Sapphire - a precious stone associated with royalty and romance for centuries, shone brighter than a Diamond back in 1981, when Prince Charles gave a blue Sapphire engagement ring to Lady Diana Spencer in front of an estimated global TV audience of 750 million people. Her Sapphire ring helped link modern events with the rich history and countless fairy tales surrounding Sapphires.

Tradition holds that the tablets containing the Ten Commandments were composed of Sapphire, so strong that a hammer swung against them would be smashed to pieces. The ancient Persians believed that the earth rested on a giant Sapphire and its reflection colored the sky. Many other cultures have believed that Sapphires imparted healing and calming properties.

Historically, Sapphire symbolizes nobility, truth, sincerity, and faithfulness. It is an excellent choice for an engagement ring. It is also the the official gemstone ...

September Birthstone: Sapphire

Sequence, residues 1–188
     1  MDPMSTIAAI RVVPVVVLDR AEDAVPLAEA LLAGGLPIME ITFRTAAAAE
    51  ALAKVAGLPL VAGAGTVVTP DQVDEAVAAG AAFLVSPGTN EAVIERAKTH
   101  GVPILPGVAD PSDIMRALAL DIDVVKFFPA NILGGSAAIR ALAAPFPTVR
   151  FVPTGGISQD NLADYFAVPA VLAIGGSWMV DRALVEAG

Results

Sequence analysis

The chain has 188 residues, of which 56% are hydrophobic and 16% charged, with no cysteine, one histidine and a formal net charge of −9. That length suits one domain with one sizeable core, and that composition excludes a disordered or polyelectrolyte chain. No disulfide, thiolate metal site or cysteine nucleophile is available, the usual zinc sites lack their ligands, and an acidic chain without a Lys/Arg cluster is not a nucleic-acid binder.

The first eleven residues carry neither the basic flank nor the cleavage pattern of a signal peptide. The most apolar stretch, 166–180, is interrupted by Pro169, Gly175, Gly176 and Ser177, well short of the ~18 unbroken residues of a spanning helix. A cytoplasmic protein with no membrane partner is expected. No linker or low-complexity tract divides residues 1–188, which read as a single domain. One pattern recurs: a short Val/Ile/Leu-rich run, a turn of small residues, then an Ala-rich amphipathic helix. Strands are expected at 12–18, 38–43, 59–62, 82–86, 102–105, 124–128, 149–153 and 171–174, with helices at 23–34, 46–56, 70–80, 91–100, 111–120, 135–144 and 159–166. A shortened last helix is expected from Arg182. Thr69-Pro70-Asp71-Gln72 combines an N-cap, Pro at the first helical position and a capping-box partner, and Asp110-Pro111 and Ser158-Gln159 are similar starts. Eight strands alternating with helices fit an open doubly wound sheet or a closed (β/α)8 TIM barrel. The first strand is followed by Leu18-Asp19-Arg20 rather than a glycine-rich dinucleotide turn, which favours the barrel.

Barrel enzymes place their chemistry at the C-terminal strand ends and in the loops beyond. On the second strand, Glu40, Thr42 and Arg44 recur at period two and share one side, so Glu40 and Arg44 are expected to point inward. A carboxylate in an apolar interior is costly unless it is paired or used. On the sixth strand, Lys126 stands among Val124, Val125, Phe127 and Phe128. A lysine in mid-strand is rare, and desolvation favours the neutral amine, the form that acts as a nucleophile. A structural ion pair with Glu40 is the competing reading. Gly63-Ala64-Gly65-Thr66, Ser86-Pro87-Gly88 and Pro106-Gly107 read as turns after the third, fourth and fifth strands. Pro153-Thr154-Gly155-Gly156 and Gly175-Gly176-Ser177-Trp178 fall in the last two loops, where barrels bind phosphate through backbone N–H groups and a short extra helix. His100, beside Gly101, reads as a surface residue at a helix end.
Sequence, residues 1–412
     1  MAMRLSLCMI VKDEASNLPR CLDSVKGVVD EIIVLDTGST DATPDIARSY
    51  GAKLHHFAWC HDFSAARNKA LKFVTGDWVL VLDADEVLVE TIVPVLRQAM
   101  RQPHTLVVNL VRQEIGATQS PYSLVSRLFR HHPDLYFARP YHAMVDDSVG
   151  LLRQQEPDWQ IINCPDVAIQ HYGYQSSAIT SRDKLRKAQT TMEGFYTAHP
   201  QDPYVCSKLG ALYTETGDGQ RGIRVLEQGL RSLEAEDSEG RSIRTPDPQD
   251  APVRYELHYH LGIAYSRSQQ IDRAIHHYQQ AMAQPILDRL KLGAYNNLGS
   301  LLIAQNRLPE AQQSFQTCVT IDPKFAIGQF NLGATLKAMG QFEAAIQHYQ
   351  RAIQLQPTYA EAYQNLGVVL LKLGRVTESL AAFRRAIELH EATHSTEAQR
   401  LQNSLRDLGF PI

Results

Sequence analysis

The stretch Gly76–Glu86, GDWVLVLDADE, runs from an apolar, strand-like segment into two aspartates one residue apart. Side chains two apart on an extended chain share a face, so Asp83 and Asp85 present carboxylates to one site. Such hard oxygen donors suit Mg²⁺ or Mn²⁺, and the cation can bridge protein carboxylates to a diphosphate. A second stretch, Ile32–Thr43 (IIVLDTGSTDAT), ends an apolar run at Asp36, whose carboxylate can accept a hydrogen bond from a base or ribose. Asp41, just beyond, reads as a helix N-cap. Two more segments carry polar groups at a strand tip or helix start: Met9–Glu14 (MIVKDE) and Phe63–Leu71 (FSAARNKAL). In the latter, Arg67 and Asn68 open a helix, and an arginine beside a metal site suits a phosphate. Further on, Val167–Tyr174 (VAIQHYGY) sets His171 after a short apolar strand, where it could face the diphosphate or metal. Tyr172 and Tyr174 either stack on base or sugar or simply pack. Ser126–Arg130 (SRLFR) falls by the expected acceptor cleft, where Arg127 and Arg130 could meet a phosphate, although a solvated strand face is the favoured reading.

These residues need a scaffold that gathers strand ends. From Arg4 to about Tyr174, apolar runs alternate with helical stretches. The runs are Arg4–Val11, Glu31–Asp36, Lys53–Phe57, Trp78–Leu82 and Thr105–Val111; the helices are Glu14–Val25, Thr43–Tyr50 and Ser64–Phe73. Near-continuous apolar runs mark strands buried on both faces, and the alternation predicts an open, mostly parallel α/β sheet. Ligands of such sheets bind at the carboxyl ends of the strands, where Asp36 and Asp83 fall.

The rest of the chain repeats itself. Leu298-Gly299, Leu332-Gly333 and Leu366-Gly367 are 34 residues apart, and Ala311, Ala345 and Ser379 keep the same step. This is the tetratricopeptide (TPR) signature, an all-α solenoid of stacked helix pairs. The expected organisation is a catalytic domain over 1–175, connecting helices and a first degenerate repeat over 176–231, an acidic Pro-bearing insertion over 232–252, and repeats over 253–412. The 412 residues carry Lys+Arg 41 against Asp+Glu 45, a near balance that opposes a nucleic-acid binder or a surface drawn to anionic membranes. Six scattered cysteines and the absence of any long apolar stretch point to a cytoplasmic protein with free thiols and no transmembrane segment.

...for a couple's 5th and 45th year wedding anniversary gift.

Sapphire can be considered Ruby's blue sibling, as they are both gemstones of the mineral Corundum. Both of these precious stones have the same chemical composition and the same mineral structure. Trace amounts of impurities will determine if a gem Corundum will become a brilliant red Ruby or a beautiful blue Sapphire. Ever heard of white or yellow Sapphires? Well, blue and red are just two of the many colors found in gem Corundums. Trace amounts of other elements can produce brilliant yellow, orange, green, pink and purple gems. Red corundums are known as "Rubies," blue corundums are known as "Sapphires," while Corundums of any other color are known as "fancy Sapphires" or Sapphires of the respective color (find an example for pink Sapphires here, for example).

Sri Lanka is the world’s largest producer of sapphires over 100 carats and they are a lighter shade of blue. Stones from the Mogok valley in Burma are very highly regarded, and many star Sapphires origin here. Dark blue Sapphires are found in New South Wales and Queensland, Australia. Gems from Western Cambodia are also highly prized, but usually of smaller size. China and Nigeria produce darker stones and in the US, Montana Sapphires are prized for their natural metallic blue color. Check out our online selection of Sapphires here.